Photo courtesy of Up to Us
Pat-Med alum takes on D.C.
College students know a lot about debt.
But Evan Rufrano, a junior at SUNY Old Westbury, is not only concerned with looming student loans, but also the growing national debt, which has soared to over $21 trillion. Earlier this semester, Rufrano joined a team of students on campus competing in the 2018 Up to Us competition. According to their website, Up to Us is a nonpartisan, millennial and Gen Z-driven movement that is elevating the next generation’s collective voice to raise awareness about the $21T-and-growing national debt.
This year, more than 100 universities across the country participated in the 2018 campus competition, which tasks teams with educating and engaging their classmates on the issue of national debt.
Led by Rufrano, SUNY Old Westbury won this year’s competition and was invited to Washington, D.C. to attend the Peter G. Peterson Foundation’s Fiscal Summit, meet with local leaders, and accept their cash prize. Rufrano, a 2015 graduate of Patchogue-Medford High School, spoke with the Advance on the phone from D.C. about the competition, his future in politics, and why millennials should care about national issues.
Long Island Advance: Congratulations on your big win. How are you liking D.C?
Evan Rufrano: Thank you! It’s wonderful. I always love being in D.C. There’s a feeling you get when you’re here ... you can see that this is where laws are made and where things happen that really impact the nation.
LIA: You also got to meet with Rep. Tom Suozzi, who represents the district including your campus. What did you discuss?
ER: We spoke to him about the nation and issues facing young people, and bring back what we learned from students on our campus to our representatives’ offices.
LIA: After you graduated from Pat-Med, why did you decide to study politics?
ER: What brought me to Old Westbury is my major, politics, economics and law, with a minor in industrial labor relations. It’s a really unique major and having the opportunity to study all three disciplines has been a great experience.
LIA: Tell me about your experience with Up to Us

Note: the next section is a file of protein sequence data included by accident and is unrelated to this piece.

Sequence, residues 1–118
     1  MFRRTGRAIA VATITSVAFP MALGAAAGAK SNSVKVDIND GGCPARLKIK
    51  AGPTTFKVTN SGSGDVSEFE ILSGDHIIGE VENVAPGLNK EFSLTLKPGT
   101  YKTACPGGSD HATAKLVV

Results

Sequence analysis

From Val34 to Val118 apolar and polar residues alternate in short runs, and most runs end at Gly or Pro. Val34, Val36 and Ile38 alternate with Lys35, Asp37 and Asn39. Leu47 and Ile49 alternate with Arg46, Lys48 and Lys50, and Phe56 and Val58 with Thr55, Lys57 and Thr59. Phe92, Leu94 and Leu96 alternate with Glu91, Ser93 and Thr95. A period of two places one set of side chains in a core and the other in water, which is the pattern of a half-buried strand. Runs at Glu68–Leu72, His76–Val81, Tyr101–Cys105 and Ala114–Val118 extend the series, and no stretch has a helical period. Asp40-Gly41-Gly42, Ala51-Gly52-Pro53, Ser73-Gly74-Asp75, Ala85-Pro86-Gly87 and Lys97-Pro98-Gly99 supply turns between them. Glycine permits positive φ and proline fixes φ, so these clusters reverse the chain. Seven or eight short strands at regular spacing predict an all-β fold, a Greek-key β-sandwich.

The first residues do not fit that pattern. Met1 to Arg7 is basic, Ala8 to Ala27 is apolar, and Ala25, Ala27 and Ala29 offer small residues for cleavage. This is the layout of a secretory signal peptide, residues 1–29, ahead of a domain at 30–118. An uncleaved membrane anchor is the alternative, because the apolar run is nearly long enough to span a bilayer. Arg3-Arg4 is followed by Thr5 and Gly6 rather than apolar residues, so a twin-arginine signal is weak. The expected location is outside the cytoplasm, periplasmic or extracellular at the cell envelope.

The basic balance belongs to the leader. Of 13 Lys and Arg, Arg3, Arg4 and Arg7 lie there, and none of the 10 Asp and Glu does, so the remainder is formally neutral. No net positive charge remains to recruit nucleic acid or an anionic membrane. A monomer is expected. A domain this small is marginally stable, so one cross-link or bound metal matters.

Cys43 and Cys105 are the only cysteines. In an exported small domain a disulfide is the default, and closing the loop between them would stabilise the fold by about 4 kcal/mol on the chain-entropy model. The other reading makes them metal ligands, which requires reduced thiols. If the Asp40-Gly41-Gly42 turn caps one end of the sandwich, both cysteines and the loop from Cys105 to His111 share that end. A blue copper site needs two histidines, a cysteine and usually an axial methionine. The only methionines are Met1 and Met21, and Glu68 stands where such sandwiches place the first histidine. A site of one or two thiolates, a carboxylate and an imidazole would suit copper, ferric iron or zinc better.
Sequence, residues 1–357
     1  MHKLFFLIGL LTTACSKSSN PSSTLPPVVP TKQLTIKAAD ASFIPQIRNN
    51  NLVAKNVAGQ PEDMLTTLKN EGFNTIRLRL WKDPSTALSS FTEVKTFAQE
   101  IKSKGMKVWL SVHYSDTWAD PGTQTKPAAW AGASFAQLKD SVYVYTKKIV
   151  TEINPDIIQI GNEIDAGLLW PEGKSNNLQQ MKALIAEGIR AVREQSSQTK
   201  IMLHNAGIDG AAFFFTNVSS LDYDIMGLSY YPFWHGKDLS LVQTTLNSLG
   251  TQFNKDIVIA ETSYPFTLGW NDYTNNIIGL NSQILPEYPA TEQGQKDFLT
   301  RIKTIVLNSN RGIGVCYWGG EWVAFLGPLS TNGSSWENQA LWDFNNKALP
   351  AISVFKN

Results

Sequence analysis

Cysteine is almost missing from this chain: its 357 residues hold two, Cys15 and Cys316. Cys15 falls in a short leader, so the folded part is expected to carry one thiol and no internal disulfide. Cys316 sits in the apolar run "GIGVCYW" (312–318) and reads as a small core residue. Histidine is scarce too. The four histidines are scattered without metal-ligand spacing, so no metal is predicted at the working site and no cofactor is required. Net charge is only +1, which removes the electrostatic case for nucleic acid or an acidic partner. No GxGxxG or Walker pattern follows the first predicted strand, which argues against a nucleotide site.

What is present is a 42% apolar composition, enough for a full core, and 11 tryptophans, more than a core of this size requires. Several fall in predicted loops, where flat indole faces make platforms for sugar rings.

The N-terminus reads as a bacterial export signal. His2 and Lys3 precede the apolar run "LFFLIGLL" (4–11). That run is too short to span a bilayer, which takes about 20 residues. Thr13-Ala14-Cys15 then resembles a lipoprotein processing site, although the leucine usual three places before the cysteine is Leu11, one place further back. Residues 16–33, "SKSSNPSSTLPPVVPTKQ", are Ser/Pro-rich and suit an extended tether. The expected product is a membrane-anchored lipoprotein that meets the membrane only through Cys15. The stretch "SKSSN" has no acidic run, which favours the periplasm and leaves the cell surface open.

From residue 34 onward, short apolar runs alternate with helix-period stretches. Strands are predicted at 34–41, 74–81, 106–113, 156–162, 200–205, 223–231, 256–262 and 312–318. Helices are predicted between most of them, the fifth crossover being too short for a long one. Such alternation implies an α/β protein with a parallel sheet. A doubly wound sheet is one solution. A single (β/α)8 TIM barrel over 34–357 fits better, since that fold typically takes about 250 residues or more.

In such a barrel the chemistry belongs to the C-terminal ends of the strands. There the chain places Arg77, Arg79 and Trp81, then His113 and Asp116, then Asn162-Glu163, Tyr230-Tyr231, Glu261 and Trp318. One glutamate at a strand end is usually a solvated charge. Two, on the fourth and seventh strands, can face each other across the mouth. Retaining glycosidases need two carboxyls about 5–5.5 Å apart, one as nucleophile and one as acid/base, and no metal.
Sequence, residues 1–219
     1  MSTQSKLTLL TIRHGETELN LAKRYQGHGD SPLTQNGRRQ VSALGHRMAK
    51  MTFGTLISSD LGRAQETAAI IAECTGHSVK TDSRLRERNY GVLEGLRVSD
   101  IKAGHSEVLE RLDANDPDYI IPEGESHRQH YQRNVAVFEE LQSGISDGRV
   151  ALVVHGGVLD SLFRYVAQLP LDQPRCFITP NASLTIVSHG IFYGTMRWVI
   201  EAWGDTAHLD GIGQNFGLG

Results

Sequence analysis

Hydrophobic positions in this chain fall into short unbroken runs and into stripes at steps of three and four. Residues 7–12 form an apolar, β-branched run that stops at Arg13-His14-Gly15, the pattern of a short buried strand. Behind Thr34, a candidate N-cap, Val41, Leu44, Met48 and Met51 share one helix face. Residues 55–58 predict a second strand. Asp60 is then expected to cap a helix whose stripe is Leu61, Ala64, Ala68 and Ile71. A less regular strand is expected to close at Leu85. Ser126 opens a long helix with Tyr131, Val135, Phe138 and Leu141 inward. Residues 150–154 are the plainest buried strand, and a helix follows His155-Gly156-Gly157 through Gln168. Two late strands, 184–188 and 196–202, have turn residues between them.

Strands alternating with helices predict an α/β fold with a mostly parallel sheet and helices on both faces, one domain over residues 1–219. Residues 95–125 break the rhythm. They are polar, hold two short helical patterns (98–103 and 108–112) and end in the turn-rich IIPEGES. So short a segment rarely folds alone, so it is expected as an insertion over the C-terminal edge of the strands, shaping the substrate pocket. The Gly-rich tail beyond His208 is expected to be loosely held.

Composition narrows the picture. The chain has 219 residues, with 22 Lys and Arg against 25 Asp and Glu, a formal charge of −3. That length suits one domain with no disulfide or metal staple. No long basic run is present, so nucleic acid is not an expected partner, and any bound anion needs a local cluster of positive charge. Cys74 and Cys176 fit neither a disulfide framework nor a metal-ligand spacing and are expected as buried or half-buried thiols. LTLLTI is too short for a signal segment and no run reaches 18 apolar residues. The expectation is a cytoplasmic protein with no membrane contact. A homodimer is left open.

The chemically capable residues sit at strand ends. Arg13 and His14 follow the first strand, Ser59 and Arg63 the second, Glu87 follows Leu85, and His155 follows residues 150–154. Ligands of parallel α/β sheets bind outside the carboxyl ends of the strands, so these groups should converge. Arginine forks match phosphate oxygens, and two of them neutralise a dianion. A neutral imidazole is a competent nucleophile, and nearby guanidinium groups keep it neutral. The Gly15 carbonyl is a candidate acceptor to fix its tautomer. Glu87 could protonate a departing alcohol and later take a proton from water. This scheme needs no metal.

ER: Students interview to be selected into the competition and, from there, receive weekly trainings and webinars from fiscal policy experts. It’s a 10-week program and we entered late, so it was really pedal to the metal.
LIA: How was your team able to make an impact on campus?
ER: Our debt boulevard did really well. We used chalk on the sidewalks all over campus to showcase statistics and definitions. 75 percent of our campus is commuters, and generally, students get out of their cars and go to class. We made sure they saw our message. As we worked, students were coming up to us, wondering how it’s even possible that we’re in this much debt. [The national debt] is a complex issue, but we simplified the message to bring it back to students and get them more involved.
LIA: What else did the team come up with?
ER: We did a number of kickoff and tabling events, hosted a My Two Cents day, where distinguished faculty spoke about economics, gave classroom presentations and hosted a panel of elected officials, who spoke about the growing debt.
LIA: What surprised you about the competition?
ER: The gap in information, which I believe we were successfully able to narrow by the end. We asked students how large they thought the national debt was, and what they think our top three expenditures are as a nation. Not many people knew what we spend our money on and believe national defense is the largest part of the budget. It’s not.
LIA: What is?
ER: It’s in the top three, but we spend more on Social Security and healthcare. We then asked students what their priorities would be in terms of spending. It was an interesting perspective, because their responses were generally at the bottom of Congress’ priorities. Students wanted to see education made a spending priority, which was not surprising, since we’re on a SUNY campus. Environment was another top priority, and most shocking was that 21 percent of students said they’d like to see increased aid to foreign nations.
LIA: What made your team stand out?
ER: I think the judges liked our debt boulevard, but also that we got over 1,000 students to sign a pledge urging representatives for a bipartisan solution to the debt. We engaged 75 percent of our student population around the issues. I think that spoke out to the judges.
LIA: Why should young people care about the national debt?
ER: We might not feel the impact now, but we are the generation that will inherit this debt. It will be our problem in the future.
Like what you have read? Click here to subscribe to the Long Island Advance so you can read more stories like this, and find out everything that’s going on in your town!